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Smith machine vs leverage gym systems: Which is most worth it for lifting?

By Henry Wilson
Last Updated on 19th August 2020

Diehard powerlifters, look away now. In the next 5 minutes, I'm going to compare the Smith machine against leverage gym systems to see which is most worth your money.

I've owned both Smith machines and leverage gyms in my training career, and by the end of this article, you'll have all the info you need to buy a quality piece of home gym equipment that aligns with your ability level and your fitness goals.

So, grab a protein shake, and prepare for the showdown. Who's your money on?

Difference #1: Safety

While free weights certainly build muscle, they're not exactly the safest choice when you're training alone. After all, one slip and the barbell is heading straight for your neck and/or chest. And I don't think I need to tell you how that story ends…

sporty woman doing back squats

Anyway, both Smith machines and leverage gyms offer fixed range of motion training. Contrary to popular belief, being forced into so-called "unnatural" positions is actually safer for your joints because your limbs can't slip into compromised positions as easily.

So, from a joint health perspective, the safest choice is the leverage gym because the individual workout stations tend to be more ergonomically designed.

However, from an absolute safety perspective, the Smith machine still reigns supreme because you can use the safety catches to create a dead stop, which prevents the barbell from travelling below a predetermined point.

Winner: Smith machine

Difference #2: Muscle stimulation

Let me just say, muscle stimulation has a lot to do with your form. You can use gym quality equipment all day long, but if your form sucks, then so will your results.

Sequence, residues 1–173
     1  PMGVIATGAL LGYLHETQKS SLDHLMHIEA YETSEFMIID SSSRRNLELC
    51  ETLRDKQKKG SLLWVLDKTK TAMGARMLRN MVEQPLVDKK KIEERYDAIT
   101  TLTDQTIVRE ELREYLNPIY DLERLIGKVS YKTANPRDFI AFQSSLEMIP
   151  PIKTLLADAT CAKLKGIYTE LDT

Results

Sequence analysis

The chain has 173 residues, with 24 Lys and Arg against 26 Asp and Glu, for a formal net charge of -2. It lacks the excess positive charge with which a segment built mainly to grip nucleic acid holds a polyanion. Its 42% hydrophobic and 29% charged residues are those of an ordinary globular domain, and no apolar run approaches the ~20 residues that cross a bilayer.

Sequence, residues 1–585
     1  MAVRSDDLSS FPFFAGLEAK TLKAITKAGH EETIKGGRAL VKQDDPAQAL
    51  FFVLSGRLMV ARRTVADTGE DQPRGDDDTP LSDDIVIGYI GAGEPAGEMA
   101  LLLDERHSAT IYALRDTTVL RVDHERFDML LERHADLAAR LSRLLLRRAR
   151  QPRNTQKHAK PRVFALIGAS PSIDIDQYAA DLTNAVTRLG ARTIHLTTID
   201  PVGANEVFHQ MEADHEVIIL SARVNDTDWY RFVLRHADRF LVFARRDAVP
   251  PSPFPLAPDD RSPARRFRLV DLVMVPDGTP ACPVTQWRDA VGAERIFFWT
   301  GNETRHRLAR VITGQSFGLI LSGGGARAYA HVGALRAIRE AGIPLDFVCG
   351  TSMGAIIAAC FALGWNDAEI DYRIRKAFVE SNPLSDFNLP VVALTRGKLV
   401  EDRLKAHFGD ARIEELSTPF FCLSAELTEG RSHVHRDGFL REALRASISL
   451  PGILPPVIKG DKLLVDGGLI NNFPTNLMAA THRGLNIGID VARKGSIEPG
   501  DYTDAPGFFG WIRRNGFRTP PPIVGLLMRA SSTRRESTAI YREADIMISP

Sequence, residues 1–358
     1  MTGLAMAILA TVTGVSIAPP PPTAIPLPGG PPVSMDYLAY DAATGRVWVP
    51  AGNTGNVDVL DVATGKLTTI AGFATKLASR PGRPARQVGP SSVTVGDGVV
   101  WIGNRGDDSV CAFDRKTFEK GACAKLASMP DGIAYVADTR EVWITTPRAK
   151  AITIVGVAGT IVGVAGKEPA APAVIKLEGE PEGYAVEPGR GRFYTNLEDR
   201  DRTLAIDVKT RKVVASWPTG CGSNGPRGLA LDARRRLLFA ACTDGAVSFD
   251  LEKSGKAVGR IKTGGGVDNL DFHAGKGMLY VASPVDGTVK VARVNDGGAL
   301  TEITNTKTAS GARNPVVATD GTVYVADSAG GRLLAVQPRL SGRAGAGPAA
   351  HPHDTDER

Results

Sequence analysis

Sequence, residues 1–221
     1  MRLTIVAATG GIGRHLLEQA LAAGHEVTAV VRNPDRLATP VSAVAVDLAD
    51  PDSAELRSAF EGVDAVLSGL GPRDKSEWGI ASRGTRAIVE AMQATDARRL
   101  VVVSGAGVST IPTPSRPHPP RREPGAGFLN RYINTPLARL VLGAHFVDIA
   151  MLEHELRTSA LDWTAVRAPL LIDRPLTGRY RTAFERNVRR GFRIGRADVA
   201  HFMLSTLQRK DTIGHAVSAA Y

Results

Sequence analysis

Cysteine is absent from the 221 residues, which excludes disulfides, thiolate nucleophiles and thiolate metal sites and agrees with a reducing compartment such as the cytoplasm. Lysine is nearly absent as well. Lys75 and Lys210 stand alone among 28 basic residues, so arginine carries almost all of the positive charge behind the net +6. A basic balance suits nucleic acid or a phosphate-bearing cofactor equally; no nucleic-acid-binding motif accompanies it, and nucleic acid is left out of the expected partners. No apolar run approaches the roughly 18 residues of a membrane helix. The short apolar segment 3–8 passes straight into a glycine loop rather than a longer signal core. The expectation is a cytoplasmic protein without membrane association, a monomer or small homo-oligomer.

man performing behind the back shrugs

As I mentioned a moment ago, leverage gyms tend to offer a more personalised range of motion because the manufacturers can be more creative with their design.

With the Smith machine, however, gym equipment companies generally have to follow a preset design in order to appeal to the mass market. More often than not, this means that [lower quality] Smith machines can feel a bit restrictive. Unsurprisingly, this leads to less muscle stimulation on a per-set basis [1].

Now you know why bodybuilders are so fond of plate loaded machines.

Winner: Leverage gym

Difference #3: Ease of use

Just because a piece of fitness equipment is easy to use doesn't mean that it's a poor muscle-building tool. On the contrary, overly complex machines can actually hinder both your muscle growth and strength development because you're forced to spend your time learning the ropes instead of training your muscles.

Body Builder Putting Weights On Bar In Gym

For a rank beginner, I'd say a Smith machine is easier to use than a leverage system because you only need to master one station before the gains come pouring in.

Related comparison: Dumbbells vs Smith machine

Since leverage gyms have multiple stations, they tend to have more of a learning curve than barbell based machines. But don't worry if you have your heart set on a new leverage gym, because the difference is pretty minute.

Winner: Smith machine

Difference #4: Strength development

What is "strength" to you?